Dutch trial set out to save more lives using Getinge’s Cardiohelp in prehospital care
A nationwide trial has kicked off in the Netherlands as four Mobile Medical Teams join forces to offer extracorporeal cardiopulmonary resuscitation (ECPR) as rescue therapy for refractory out-of-hospital cardiac arrest. Equipped with Getinge’s mobile heart-lung machine Cardiohelp in cars and helicopters, the teams can now use extracorporeal membrane oxygenation (ECMO) with the aim to save up to 200 more lives a year.
There are four Mobile Medical Teams (MMT) in the Netherlands, based in the cities of Amsterdam, Rotterdam, Nijmegen and Groningen. All of them have a Helicopter Emergency Medical Services (HEMS) team consisting of highly skilled pilots, nurses and physicians operating from helicopters and cars. Together, they cover the entire area of the Netherlands.
With a first of its kind nationwide trial starting up, the HEMS teams are getting even more busy saving lives. Since January, Rotterdam’s helicopter and MMT car are first out to be equipped with Cardiohelp – Getinge’s mobile heart-lung machine.
“With Cardiohelp onboard, we offer people at age 18 to 50, who suffer from out-of-hospital cardiac arrest, a much greater chance at survival. Without this possibility, these patients literally wouldn’t survive,” says Dinis Dos Reis Miranda, Anesthesiologist-Intensivist and HEMS physician at the Erasmus University Medical Center in Rotterdam.
After arriving to the patient, the trial allows the HEMS team to place a veno-arterial (VA) ECMO on patients who haven’t responded to cardiopulmonary resuscitation (CPR) within 20 minutes. By using Cardiohelp, they bypass the function of the patient’s heart and lungs.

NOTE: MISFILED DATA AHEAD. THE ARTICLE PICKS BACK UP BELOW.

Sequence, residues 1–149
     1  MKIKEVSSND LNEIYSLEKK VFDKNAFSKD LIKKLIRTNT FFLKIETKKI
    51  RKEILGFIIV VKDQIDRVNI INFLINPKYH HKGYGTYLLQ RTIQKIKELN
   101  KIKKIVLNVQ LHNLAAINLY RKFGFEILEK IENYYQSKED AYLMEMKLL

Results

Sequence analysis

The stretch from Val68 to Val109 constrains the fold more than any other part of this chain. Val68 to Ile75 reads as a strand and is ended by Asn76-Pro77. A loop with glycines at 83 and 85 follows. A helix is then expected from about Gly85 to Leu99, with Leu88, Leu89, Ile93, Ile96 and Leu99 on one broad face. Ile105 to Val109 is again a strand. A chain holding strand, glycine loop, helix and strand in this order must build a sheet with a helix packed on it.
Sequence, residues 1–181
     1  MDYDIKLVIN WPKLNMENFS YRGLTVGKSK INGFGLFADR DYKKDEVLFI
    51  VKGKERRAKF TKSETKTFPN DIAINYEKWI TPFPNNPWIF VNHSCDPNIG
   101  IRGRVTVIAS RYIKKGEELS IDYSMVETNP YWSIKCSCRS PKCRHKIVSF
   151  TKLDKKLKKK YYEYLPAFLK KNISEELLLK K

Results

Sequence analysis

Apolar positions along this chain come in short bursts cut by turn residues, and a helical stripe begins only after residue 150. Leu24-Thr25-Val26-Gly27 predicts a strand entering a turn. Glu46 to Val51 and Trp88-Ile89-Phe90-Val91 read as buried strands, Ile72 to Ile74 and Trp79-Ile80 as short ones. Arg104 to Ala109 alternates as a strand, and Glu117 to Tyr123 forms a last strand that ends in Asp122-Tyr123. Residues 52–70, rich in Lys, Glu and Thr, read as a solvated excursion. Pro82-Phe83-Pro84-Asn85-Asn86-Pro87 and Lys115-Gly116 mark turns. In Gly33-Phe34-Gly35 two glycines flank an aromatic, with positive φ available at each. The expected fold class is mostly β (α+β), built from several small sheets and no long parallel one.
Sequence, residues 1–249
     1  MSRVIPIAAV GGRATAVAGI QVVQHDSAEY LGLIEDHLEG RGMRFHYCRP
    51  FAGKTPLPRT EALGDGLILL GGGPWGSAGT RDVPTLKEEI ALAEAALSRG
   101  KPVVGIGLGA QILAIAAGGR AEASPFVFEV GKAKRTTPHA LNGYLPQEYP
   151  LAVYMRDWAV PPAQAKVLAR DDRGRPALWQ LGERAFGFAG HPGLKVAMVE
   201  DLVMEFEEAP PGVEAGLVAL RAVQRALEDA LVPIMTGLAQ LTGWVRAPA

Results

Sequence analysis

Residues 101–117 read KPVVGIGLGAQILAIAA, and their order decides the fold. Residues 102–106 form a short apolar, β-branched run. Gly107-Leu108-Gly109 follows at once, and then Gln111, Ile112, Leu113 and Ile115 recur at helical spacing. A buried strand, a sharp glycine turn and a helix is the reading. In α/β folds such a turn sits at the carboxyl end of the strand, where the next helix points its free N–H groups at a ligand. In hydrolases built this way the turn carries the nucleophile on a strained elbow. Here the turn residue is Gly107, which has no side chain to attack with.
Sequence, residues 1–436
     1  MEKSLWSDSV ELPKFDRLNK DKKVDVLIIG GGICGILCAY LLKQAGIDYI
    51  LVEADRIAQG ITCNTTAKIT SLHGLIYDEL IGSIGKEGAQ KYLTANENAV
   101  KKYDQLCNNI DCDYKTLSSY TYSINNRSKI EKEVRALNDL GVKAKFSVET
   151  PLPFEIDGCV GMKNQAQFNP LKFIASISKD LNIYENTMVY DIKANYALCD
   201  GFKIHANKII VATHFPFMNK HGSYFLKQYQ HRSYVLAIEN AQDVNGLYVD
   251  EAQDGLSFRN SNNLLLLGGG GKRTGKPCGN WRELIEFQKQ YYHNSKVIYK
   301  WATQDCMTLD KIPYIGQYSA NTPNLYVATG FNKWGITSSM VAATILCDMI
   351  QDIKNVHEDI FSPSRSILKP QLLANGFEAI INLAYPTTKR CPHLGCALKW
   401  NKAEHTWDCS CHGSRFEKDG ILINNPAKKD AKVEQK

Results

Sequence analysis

“Two catheters or cannulas are inserted at the initiation of VA ECMO with their drainage and reinfusion ports located in central vessels and arteries. Deoxygenated blood is drained from the body just before where the heart is by an external pump, it passes through the membrane oxygenator and is then reinfused back into the patient directly after the heart,” explains Dinis. “The cause of the problem remains and you still need to take the critically ill patient to the hospital quickly, but in the meantime ECMO provides bloodflow and oxygenation.”
The study, financed by the Dutch Healthcare Authority, will go on for two years if it progresses well. It will be constantly and carefully evaluated before the remaining HEMS teams get their ECMO equipment onboard. In the study, there are two potential major benefits defined when it comes to providing HEMS teams with ECMO for prehospital care, which has to be proven in daily practice.
“The first is reducing low-flow time, meaning time under CPR, from approximately 70 to 35 minutes. The second one is to make ECPR available for the entire country, avoiding geographical differences in resuscitation care. We aim at saving around 200 more lives a year and I believe there is a big chance we will make it,” says Dinis.
Learn more about the On-Scene trial: The First Nationwide PreHospital ECPR program >>
Learn more about Getinge’s ECMO solutions >>
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